Kubbra Sait talks about the preparation for the show ‘Foundation’, how auditions and casting in the west are different from India. Kubbra decided not to take anything for granted when it came to the craft. She feels something as big as ‘Foundation’, happening to somebody who started from a very humble space back in Bombay eleven years ago, without knowing anybody in the industry, is nothing but a blessing. Excerpts from the interview:
How did ‘Foundation’ happen?
Being honest to God, I got the ‘Foundation’ entirely on my merit and on the basis of the audition. There were about four to five rounds of auditions over a period of four months. And, as they say, the rest is history. I decided not to take anything for granted when it came to the craft. I think something as big as ‘Foundation’ happening to somebody, who began in a very humble space back in Bombay eleven years ago without knowing anybody, is nothing but a blessing. I remember connecting to people on Facebook for work. I feel I have come a very long way from there. Sometimes it’s humbling. There were many who thought that I will not go this far and so when they say, “Achaa Tum Na Yeh Bhi Kaarlia” (Okay, you have done this also), I find it pretty funny and interesting.
Preparation for the role of ‘Phara’ and how different was the preparation technique there and here?
I really don’t know what it takes to prepare for a role. But preparing for this particular role required me to do many things that were alien to me. To begin with the fact that the series was in English. When you reach there, you feel ‘why do I need to learn English all over again, of course I learnt it in school’? But when you read the script, it’s like, ‘Oh My Lord! I need a dictionary to follow the script.’ So, that was one part of it. Then came the whole physical aspect of it where I have never thrown a punch in my life because I never needed to. But now I am playing this bad ass, who is just going about killing people, holding guns, shooting them and doing these roundhouse kicks and what not. A lot of physical preparation went into it and most importantly my posture became straight. And there was this other aspect of learning a whole new language and this is not a language for which you can rely on a dictionary. It is a language connected to this world and I think that kind of shook me in many ways. But at the same time, it was the greatest and most incredible experience of my life. Being ‘Phara’ is the hardest job that I have ever done.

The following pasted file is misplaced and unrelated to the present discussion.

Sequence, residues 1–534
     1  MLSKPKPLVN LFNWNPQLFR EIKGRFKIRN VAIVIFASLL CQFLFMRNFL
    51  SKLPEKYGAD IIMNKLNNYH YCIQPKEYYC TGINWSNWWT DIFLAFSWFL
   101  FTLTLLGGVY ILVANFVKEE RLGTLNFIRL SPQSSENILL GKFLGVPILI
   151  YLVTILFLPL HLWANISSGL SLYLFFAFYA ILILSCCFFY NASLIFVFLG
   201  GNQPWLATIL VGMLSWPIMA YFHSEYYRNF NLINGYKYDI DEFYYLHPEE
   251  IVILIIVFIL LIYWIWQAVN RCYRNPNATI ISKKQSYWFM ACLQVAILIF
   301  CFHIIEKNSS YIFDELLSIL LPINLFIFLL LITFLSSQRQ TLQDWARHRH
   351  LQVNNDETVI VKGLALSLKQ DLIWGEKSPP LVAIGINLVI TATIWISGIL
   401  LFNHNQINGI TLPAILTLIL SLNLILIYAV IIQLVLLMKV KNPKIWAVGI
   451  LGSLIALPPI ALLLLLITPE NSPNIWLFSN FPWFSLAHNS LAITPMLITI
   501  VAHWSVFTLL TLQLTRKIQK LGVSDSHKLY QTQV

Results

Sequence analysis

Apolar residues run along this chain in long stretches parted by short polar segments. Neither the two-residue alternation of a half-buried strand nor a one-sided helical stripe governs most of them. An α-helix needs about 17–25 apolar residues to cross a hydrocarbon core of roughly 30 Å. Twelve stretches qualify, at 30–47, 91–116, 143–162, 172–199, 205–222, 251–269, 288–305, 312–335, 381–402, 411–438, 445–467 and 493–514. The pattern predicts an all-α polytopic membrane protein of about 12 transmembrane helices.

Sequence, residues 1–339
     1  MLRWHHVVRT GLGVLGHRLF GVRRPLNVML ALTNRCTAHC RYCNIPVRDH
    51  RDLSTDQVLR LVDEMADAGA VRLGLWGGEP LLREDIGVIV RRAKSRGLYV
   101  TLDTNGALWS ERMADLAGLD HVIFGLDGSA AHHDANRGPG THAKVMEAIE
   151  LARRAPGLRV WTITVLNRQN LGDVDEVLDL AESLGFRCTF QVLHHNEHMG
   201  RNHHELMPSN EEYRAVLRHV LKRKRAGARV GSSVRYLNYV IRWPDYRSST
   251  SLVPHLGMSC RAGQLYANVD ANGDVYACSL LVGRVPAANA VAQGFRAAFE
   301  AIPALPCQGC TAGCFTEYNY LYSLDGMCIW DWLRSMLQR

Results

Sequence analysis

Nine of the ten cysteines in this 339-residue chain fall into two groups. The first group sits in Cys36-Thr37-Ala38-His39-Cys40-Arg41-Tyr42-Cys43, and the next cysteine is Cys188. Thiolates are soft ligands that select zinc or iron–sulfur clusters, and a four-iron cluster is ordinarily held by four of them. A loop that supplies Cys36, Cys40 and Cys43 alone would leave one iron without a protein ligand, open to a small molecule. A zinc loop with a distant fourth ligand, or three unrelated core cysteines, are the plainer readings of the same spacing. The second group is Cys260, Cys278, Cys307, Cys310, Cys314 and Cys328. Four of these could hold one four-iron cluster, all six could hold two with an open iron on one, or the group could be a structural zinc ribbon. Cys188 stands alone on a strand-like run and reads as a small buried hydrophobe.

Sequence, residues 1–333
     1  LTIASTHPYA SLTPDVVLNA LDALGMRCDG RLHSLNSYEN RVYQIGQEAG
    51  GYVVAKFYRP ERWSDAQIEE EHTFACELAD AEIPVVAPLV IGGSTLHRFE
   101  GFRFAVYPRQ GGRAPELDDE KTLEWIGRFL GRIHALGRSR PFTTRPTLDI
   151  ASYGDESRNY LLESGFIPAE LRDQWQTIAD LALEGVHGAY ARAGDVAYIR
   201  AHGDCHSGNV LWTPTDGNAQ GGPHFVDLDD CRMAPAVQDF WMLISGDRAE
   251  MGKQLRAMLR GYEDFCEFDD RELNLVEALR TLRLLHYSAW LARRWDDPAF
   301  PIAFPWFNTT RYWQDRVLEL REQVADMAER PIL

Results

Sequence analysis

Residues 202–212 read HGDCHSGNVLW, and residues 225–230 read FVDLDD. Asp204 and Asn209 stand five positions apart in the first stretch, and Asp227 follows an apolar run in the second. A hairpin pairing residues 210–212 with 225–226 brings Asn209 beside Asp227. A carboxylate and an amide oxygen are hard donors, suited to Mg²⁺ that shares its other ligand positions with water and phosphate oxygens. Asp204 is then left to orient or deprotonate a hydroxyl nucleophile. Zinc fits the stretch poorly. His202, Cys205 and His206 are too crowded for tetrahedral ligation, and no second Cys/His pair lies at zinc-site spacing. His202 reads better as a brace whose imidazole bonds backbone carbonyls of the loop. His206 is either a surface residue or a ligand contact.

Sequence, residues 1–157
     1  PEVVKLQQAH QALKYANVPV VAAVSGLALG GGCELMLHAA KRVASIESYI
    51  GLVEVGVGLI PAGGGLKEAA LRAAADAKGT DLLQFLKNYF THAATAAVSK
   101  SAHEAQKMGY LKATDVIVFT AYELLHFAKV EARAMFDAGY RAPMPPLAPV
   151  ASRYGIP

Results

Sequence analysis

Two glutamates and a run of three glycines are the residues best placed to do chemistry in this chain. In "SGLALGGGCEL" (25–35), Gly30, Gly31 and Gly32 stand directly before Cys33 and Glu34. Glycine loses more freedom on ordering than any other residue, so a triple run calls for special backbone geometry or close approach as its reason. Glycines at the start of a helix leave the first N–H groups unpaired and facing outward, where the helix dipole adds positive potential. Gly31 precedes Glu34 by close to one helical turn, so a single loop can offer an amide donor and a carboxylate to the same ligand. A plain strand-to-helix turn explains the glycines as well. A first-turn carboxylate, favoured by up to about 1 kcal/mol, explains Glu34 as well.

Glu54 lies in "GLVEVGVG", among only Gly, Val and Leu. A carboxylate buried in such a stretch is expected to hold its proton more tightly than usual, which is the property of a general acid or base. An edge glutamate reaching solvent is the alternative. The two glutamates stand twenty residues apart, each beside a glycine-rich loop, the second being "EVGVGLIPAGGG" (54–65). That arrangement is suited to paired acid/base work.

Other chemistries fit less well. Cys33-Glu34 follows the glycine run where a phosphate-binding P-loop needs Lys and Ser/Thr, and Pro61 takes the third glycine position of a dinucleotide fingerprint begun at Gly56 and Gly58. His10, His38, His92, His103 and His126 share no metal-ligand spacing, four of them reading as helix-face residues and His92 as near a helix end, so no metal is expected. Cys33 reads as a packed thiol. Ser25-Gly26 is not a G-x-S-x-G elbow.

How would you describe ‘Phara’?
‘Phara’ is obnoxiously good (laughs). Phara carries a lot of wounds, a lot of hurt, a lot of pain in her heart. In episode five there is this line, “Does it hurt any less losing your brother, losing your family? She says you know what? It does feel a little empty, but it does hurt a little less.” But in reality, I do not agree with Phara and about how she is.
Is ‘Phara’ very different from you?
Absolutely, I am very different. I go hugging people and I am always laughing, making a fool of myself. But then here she is saying mean things and hurtful things all the time which is not me.
How different was the casting process of ‘Foundation’?
What I realised is that in India if I am auditioning as a village girl, they will ask me to come dressed up like a village girl. And if I ask them why, they say it allows us to see more. But what I loved about the audition process of the west was that they ask you to come in the simplest of simple clothes. They only want to see you and your face, the expression of your eyes. They even asked me to take off my nose pin. It was just Kubbra going like Kubbra for the audition and not Kubbra as the perceived character. It was like their job of perceiving and giving birth to the character. They wanted me to put in my effort as an actor and actor alone. In fact, when I went to Ireland for a screen test, that was the first time that they tried makeup on my face. So, I am still dumbfounded when people in India say dress up like the character you are playing when you are coming for the audition.
Do you think India is lagging behind in the sci-fi space?
I would say, we are catching up. We have some great stories to tell. We may not have a sci-fi story to tell. But we have very simple stories and our simple stories are unique. For example, why do you think ‘Kota Factory’ did so well? It did well because it was close to everyone’s hearts.